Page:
I remember the first time I heard of the Adirondack mountains, it was in my second year of university while chatting over coffee with a good friend from New York. Ever since then, I have wanted to see them, more so in the autumn, or as they say in America, ‘fall’.
One of the US’s largest parks at 6.1 million acres (2.5×106 ha) in area, including more than 10,000 lakes, 30,000 miles of rivers and streams, and 5000ft mountains there is no shortage of adventure. But it is the thick covering of deciduous woodland that truly entices thousands during a few weeks of autumn, the come to participate in the seasonal sport of ‘leaf peeping.’ I was now one of them.
With a few days to spare after the NE Collegiate Kayak Symposium, I had the perfect chance to finally explore the Adirondacks. Joined by Matt Smith, who lead the way, we set off together late in the afternoon hoping to camp in the woods. Our plan was to shelter in a lean-to, stash breakfast in a bear proof barrel and then at 4am wake to hike for the summit of a Algonquin, just in time to ring in my 27th birthday at sunrise.
Arriving to the park just as a heavy front of rain pulled over the hills, we set out prepared to arrive after dark. Leaving late we largely had most of the park to ourselves, the trails were quiet and those who we did pass were venturing back toward the carpark. Matt, who leads trips here regularly took the lead and under torchlight we scrambled beneath the narrow rock walls of ‘Avalanche Pass.’ By the time we arrived we were soaked and tired, our cheap Stewarts-Shops Gas station sandwiches made tasty from a few hours of sturdy exercise. ‘See you at 4am,’ Matt Laughed as I clambered into my far too thin summer sleeping bag, I had regretfully left my winter one in London.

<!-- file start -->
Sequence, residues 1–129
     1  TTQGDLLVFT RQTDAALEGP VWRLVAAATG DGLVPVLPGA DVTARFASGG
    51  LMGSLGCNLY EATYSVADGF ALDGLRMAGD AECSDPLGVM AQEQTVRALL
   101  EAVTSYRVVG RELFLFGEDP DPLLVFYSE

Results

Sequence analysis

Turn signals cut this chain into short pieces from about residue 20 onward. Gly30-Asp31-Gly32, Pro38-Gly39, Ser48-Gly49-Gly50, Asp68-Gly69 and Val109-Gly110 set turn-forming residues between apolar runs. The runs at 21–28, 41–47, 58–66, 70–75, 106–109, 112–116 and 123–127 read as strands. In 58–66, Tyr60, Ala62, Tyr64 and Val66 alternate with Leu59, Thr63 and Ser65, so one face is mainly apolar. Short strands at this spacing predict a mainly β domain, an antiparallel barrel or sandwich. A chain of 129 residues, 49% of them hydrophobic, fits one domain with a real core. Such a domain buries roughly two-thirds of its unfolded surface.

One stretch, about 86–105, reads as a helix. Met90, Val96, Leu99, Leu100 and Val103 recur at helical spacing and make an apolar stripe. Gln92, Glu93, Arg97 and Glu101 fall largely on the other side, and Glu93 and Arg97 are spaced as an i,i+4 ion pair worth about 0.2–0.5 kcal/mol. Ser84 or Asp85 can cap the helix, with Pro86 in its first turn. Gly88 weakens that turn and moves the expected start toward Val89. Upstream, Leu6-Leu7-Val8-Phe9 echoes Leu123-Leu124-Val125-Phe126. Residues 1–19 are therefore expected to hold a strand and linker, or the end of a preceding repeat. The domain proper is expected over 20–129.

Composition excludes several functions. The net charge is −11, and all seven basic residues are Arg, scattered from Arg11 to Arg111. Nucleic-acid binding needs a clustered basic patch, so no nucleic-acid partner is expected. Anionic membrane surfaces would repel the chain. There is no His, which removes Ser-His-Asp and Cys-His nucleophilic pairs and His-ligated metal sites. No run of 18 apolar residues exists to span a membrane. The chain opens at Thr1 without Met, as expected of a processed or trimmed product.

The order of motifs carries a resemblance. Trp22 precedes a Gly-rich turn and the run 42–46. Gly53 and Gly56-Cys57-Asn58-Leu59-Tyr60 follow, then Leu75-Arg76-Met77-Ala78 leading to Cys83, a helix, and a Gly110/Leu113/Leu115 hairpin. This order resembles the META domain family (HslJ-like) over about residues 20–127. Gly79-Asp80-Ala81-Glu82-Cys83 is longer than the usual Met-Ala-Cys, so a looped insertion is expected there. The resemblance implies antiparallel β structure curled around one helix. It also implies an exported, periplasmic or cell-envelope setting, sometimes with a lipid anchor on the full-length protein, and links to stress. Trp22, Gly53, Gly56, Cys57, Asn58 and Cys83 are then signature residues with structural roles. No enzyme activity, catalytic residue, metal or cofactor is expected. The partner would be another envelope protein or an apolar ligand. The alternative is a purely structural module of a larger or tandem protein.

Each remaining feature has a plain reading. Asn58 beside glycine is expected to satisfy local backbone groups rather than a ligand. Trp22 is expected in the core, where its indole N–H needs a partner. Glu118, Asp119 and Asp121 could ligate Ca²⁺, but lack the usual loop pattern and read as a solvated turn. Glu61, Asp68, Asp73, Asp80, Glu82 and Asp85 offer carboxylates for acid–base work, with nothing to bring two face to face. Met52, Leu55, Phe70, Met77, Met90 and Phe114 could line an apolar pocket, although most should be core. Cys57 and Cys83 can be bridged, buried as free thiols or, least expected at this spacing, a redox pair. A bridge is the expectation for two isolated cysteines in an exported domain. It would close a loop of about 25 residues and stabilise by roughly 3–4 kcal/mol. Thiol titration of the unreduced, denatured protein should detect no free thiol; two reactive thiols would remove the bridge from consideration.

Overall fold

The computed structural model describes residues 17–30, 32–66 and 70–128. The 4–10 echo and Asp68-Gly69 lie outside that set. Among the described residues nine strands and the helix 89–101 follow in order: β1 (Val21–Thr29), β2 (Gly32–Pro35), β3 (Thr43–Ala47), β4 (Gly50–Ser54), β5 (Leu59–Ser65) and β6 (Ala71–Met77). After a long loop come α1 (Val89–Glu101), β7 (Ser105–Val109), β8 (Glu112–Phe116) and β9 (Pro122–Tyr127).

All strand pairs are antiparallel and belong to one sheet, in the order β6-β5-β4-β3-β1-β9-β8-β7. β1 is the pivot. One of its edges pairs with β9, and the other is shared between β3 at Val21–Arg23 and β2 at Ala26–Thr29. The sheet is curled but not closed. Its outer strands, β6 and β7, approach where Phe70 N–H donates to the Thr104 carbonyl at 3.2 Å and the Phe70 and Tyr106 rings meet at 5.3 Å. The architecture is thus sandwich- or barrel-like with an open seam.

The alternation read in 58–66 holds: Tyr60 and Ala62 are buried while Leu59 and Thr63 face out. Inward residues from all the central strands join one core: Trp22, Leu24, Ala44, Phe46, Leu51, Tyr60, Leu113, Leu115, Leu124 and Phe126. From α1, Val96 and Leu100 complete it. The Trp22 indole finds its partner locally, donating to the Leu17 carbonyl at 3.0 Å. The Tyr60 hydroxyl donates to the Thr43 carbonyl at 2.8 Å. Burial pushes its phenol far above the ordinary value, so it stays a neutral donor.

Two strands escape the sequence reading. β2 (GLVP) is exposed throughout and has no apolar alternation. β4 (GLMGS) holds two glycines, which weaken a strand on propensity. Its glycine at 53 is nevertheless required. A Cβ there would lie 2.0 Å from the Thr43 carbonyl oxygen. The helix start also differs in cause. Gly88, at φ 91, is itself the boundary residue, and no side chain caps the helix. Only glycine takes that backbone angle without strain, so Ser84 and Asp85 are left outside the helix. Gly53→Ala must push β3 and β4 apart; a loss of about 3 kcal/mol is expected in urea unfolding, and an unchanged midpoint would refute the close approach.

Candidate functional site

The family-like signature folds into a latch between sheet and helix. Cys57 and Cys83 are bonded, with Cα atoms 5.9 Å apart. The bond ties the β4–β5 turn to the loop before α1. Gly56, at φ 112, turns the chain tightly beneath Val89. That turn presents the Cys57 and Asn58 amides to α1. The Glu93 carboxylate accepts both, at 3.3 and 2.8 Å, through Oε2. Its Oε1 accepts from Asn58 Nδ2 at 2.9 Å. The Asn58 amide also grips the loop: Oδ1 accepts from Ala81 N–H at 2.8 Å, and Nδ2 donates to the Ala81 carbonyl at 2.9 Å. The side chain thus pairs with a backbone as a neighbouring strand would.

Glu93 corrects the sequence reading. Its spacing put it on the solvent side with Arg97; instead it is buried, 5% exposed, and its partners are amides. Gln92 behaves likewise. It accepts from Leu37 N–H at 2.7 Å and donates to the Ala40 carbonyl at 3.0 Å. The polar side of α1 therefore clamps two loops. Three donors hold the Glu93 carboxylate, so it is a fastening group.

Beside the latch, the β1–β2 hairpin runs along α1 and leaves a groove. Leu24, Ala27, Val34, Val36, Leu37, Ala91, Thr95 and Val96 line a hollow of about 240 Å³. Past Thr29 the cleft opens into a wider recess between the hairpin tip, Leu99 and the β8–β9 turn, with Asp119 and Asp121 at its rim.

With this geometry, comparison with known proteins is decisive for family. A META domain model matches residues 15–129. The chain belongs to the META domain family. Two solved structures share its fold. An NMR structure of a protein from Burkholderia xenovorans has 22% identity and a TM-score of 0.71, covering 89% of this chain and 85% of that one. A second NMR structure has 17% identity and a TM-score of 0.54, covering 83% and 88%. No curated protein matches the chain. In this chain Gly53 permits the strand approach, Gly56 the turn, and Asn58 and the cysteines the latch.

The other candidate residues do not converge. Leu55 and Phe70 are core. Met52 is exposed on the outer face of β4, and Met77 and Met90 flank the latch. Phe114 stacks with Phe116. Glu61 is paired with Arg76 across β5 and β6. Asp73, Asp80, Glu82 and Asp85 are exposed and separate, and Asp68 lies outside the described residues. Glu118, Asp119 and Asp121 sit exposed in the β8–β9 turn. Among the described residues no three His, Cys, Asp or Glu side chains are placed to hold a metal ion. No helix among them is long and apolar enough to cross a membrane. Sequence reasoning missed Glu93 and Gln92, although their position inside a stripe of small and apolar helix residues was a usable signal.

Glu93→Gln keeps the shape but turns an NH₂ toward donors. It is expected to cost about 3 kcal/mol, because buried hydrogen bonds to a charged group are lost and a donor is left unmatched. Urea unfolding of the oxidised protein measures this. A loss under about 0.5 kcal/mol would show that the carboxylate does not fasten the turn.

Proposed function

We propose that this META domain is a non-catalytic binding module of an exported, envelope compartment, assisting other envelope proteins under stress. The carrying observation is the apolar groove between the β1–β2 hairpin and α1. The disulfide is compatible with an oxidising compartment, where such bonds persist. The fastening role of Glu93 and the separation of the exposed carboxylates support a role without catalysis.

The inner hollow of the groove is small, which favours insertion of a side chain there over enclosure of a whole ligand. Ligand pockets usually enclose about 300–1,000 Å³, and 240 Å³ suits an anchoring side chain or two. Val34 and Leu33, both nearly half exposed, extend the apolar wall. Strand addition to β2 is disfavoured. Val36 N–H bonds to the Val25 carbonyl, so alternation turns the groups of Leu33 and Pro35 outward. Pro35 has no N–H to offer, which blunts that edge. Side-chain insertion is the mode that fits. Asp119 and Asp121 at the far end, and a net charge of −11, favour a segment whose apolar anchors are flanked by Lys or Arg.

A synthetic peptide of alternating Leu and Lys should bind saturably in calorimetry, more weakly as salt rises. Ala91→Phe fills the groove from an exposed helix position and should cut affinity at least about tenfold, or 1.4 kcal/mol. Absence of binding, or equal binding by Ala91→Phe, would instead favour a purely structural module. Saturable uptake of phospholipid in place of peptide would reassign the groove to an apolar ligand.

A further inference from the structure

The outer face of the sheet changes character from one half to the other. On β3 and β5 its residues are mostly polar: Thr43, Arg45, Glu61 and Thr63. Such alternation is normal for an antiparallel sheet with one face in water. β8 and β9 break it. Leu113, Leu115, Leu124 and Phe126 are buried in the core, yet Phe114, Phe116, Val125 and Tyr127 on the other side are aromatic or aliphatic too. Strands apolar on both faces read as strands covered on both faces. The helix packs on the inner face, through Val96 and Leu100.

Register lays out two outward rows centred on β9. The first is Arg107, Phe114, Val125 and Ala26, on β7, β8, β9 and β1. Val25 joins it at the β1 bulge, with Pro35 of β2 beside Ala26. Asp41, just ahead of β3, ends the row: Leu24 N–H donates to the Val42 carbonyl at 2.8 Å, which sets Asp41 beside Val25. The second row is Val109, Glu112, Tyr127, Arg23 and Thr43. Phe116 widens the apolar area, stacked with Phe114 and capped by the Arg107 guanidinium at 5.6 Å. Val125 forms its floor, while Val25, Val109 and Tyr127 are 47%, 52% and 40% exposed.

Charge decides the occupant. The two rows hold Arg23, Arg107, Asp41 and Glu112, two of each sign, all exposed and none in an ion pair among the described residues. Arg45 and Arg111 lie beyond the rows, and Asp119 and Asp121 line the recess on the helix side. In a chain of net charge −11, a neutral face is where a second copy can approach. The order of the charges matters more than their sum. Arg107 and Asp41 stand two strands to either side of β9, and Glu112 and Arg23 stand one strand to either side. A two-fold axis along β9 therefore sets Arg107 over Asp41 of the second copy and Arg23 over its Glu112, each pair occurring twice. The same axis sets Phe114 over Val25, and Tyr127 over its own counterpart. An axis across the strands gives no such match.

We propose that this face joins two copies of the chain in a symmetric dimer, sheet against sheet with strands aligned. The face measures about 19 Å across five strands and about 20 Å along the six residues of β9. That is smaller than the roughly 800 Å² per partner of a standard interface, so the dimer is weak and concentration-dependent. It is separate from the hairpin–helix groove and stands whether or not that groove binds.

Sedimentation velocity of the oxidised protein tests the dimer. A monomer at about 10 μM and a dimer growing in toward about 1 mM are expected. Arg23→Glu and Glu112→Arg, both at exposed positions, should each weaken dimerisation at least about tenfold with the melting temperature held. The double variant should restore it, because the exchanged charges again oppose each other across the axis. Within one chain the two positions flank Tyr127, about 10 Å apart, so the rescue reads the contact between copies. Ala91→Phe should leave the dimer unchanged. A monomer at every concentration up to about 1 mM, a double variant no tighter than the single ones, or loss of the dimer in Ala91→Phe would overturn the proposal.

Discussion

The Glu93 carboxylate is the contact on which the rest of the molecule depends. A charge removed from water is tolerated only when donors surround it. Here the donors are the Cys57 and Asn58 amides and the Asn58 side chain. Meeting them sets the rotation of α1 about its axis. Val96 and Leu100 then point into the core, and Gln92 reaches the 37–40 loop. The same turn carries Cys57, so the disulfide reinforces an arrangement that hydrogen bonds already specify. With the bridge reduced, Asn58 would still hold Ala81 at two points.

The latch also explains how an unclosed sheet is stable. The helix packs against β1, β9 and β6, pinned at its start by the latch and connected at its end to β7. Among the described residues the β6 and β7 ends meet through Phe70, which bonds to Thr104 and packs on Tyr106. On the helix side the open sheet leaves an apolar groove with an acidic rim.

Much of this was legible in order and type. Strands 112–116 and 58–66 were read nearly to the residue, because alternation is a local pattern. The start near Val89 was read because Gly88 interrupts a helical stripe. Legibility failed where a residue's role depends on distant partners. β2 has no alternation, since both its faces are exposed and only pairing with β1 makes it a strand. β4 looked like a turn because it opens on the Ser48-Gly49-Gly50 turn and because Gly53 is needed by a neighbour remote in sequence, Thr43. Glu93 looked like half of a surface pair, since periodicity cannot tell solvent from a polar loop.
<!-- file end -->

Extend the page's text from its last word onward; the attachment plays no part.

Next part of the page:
‘Nearly there’- we had been climbing steadily for two hours, mostly following a river channel as the trail wound from slabs of icy stone to narrow forest floor. It was 6am, the sun would rise soon and we were almost above the tree-line, the early start and effort to get here now worthwhile as a skyline emerged from a dark horizon.
At last we emerged, and soon reached the top. At 1559m, Algonquin is the second highest peak in New York state, it’s bare rocky summit gave the perfect vantage point to sit and ring in a new day and a new year of my life.
As the blue hour burned into gold the warmth of the sun cast over frozen puddles glittering between the rocks. Lingering in the quiet for well over an hour Matt and I simply sat, grazed on snacks and enjoyed the stellar view.
Looking down to cloud inversions and the rusty colours of autumnal trees we felt on top of the world.
As gold turned to the faded blue of day we packed bags and set off toward the car. One advantage of an early hike was an early escape, we would return to the Maynard household for lunch and a final celebratory dinner. Satisfied to become a ‘leaf peeper’ I am addicted to the sport, to gaze upon the colours of fall is just as alluring as I had hoped those years ago at University and it is with certainty that I will be back one day to explore deeper into the wonderful Adirondack national park.